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Frequently Asked Questions
You should not use methenamine if you have kidney disease, severe liver disease, if you also take a sulfa drug, or if you are dehydrated.
Methenamine is an antibiotic that is used to prevent recurring bladder infections from coming back. Methenamine is used in adults and children at least 6 years old.
Methenamine is usually given after other antibiotics have been given to treat the initial infection.
Methenamine may also be used for purposes not listed in this medication guide.
You should not use methenamine if you are allergic to it, or if you have:
- kidney disease;
- severe liver disease;
- if you also take a sulfa drug; or
- if you are dehydrated.
Tell your doctor if you have ever had:
- liver disease;
- an allergy to aspirin; or
- an allergy to yellow food dye.
Methenamine may harm an unborn baby when taken during early pregnancy. It is not known whether this medicine will harm an unborn baby when taken during the last 3 months of pregnancy. Tell your doctor if you are pregnant or plan to become pregnant.
Tell your doctor if you are breastfeeding.
Follow all directions on your prescription label and read all medication guides or instruction sheets. Use the medicine exactly as directed.
Taking more methenamine than prescribed will not make it more effective, and may cause unwanted side effects (such as bladder irritation, pain, increased urination, and blood in the urine).
You may need to break a tablet in half when giving this medicine to a child.
Drink plenty of liquids while you are taking methenamine. To make your urine more acidic, your doctor may recommend you drink certain types of liquid (such as cranberry juice) or taking other medicines. Your doctor may also recommend increasing protein in your diet, but avoiding milk or other dairy products. Follow your doctor's instructions very closely.
Use this medicine for the full prescribed length of time, even if your symptoms quickly improve. Skipping doses can increase your risk of infection that is resistant to medication. Methenamine will not treat a viral infection such as the flu or a common cold.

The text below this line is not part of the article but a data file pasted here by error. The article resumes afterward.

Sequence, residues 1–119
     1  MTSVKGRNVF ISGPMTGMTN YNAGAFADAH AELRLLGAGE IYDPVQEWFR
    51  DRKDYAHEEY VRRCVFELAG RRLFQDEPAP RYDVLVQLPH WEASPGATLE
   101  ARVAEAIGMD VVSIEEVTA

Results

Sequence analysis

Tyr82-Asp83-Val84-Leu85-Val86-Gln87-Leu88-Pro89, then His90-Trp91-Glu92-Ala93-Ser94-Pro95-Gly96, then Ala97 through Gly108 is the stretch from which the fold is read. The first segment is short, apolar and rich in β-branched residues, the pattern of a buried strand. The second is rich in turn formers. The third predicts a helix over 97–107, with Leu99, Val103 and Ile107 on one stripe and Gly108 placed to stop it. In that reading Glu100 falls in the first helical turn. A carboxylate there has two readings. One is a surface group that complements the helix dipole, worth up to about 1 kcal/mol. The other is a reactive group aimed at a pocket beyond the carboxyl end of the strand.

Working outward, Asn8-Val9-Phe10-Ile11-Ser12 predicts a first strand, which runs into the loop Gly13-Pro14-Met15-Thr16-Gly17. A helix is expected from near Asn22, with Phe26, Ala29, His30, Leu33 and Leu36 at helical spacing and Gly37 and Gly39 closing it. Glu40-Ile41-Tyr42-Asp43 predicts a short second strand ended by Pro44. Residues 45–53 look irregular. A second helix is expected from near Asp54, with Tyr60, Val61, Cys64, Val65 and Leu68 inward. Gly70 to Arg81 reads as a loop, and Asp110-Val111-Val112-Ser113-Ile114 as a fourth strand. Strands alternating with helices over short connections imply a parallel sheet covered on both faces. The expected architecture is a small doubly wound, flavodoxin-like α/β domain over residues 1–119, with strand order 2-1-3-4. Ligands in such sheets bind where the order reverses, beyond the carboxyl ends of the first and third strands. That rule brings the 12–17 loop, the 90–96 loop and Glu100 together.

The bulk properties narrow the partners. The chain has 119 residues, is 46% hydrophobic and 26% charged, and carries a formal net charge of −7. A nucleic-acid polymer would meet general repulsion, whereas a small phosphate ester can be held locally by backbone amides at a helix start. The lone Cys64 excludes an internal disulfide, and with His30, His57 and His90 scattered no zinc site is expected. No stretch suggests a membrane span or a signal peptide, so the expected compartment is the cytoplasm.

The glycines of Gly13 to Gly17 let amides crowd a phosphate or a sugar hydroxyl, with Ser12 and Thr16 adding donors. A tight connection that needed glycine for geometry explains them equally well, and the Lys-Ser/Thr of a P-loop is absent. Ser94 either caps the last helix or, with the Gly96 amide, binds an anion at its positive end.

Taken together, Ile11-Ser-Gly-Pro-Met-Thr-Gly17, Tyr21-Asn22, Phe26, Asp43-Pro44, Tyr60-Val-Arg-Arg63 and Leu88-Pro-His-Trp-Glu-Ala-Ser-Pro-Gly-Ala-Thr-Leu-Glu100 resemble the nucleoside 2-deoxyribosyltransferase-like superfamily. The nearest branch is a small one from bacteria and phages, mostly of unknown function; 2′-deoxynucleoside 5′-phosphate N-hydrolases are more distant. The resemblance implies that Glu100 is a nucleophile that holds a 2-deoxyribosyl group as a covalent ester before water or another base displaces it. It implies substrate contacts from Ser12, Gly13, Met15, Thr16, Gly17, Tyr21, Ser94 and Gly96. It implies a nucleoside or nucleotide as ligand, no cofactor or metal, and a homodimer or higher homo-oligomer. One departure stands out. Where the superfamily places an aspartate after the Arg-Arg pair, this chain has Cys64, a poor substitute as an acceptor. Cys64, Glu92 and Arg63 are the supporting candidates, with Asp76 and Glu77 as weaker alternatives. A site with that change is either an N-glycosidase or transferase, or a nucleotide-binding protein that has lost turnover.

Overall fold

You may need frequent urine tests to determine that an infection has cleared. You may also need blood tests to check your liver function.
Methenamine can affect the results of certain medical tests, especially if you are pregnant while taking this medicine. Tell any doctor who treats you that you are using methenamine.
Store at room temperature away from moisture, heat, and light. Keep the bottle tightly closed when not in use.
Do not share this medicine with another person, even if they have the same symptoms you have.
Take the medicine as soon as you can, but skip the missed dose if it is almost time for your next dose. Do not take two doses at one time.
Seek emergency medical attention or call the Poison Help line at 1-800-222-1222.
You may need to follow a special diet while using methenamine. Follow all instructions of your doctor or dietitian. Learn about the foods to eat or avoid to help control your condition.
Get emergency medical help if you have signs of an allergic reaction: hives; difficult breathing; swelling of your face, lips, tongue, or throat.
Call your doctor at once if you have:
- painful urination;
- increased urination;
- blood in the urine; or
- any new or worsening symptom.
Common side effects may include:
- painful or difficult urination;
- upset stomach, nausea; or
This is not a complete list of side effects and others may occur. Call your doctor for medical advice about side effects. You may report side effects to FDA at 1-800-FDA-1088.
Other drugs may affect methenamine, including prescription and over-the-counter medicines, vitamins, and herbal products. Tell your doctor about all your current medicines and any medicine you start or stop using.
Your pharmacist can provide more information about methenamine.
|Generic Examples||Supplied As||Strength|
|Methenamine Mandelate||tablet||mandelate 0.5 gmandelate 1 g|